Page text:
Australian building approvals unexpectedly drop 0.6%

SYDNEY: Australian home-building approvals unexpectedly fell in October for the first time in five months after the government reduced grants to first-time buyers and the central bank raised interest rates.

The number of permits granted to build or renovate houses and apartments dropped 0.6% from September, when they rose a revised 5.1%, the Bureau of Statistics said in Sydney today. The median estimate of 20 economists surveyed by Bloomberg was for a 2% gain.

Approvals may fall further in coming months if central bank Governor Glenn Stevens raises interest rates today for a third straight month. Payments from Prime Minister Kevin Rudd’s government to first-time buyers of newly build dwellings were reduced in October to A$14,000 (RM75,600) from A$21,000.

“We’ll see some weakness in approvals over the next few months,” said Helen Kevans, an economist at JPMorgan Chase & Co in Sydney. “Not only is the Reserve Bank tightening policy, but lending standards are tighter and that will weigh on approvals going forward.”

The Australian dollar fell to 91.58 US cents at 11:57am in Sydney from 91.66 cents just before the report was released. The two-year government bond yield rose 1 basis point to 4.35%. A basis point is 0.01 percentage point.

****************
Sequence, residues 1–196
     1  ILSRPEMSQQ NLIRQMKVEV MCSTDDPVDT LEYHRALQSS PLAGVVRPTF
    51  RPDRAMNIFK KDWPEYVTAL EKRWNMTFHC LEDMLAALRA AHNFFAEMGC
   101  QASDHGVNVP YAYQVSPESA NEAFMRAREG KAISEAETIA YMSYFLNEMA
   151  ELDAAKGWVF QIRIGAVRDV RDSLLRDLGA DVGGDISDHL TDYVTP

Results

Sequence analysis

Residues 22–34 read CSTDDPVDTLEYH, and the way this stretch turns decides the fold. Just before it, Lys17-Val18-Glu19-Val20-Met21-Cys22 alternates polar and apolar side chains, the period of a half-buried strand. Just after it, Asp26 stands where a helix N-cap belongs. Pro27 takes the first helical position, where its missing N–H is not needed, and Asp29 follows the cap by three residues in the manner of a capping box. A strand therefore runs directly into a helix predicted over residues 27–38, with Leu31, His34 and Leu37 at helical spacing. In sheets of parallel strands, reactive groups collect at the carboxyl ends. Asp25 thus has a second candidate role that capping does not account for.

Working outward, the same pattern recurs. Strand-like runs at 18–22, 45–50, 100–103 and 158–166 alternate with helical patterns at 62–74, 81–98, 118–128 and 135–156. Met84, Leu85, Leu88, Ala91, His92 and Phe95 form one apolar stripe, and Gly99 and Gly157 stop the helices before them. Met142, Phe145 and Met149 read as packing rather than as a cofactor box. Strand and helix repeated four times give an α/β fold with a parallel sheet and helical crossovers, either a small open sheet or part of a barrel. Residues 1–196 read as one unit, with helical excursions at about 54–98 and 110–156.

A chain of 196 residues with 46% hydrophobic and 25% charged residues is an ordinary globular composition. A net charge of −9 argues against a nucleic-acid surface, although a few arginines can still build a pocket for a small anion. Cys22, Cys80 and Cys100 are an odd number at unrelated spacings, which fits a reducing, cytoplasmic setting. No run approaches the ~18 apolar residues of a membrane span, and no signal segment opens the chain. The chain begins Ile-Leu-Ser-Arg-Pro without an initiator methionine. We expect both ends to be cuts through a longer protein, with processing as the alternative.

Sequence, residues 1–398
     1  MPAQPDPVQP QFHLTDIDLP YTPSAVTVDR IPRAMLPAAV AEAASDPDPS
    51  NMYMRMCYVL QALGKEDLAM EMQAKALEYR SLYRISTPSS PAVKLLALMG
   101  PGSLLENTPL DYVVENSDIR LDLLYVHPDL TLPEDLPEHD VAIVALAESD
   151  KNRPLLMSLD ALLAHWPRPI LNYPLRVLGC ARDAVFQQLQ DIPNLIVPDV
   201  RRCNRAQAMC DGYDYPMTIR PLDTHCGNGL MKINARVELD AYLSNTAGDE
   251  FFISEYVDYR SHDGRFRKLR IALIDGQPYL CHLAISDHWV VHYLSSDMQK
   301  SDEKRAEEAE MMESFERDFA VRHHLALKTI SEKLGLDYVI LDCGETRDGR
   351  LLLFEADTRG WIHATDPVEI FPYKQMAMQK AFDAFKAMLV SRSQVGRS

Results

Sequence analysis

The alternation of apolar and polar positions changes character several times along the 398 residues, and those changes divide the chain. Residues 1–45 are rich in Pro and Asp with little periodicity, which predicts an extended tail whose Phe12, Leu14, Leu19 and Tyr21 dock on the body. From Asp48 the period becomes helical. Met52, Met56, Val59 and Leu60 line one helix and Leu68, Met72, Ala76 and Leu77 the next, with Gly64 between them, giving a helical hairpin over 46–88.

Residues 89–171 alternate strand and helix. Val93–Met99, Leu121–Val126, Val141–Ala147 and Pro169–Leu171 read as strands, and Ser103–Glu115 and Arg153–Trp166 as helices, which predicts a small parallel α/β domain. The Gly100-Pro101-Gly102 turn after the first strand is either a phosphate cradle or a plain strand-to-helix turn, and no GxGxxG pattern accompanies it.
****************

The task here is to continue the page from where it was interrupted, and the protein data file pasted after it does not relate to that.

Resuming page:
Building approvals rose 11.7% in October from a year earlier. Economists tipped a 9.6% gain.

Rate bets

Nineteen of 20 economists surveyed by Bloomberg expect Stevens will raise the overnight cash rate by a quarter point to 3.75% at 2:30pm today in Sydney, adding to similar increases in October and November.

Investors are betting there is a 76% chance Stevens will increase the key rate by a quarter point, according to Bloomberg calculations based on interbank futures on the Sydney Futures Exchange at 11:51am.

House prices jumped 8.4% in the six months through Sept 30, according to a government report. Prices gained another 1.4% in October, real-estate monitoring company RP Data-Rismark said yesterday.

Australians have a larger capacity to sustain higher house prices when compared with incomes than households in countries such as the US, central bank Deputy Governor Ric Battellino said last week.

“Australians seem to spend less of their income on non- housing consumption than is the case for US households, with a significant part of this difference explained by lower health costs,” Battellino told a conference in Melbourne. They “therefore have greater capacity to service housing loans.”

Approvals to build private houses rose 5% to 9,642 in October. Approvals for apartments and renovations slipped 19.3% to 2,512. -- Bloomberg

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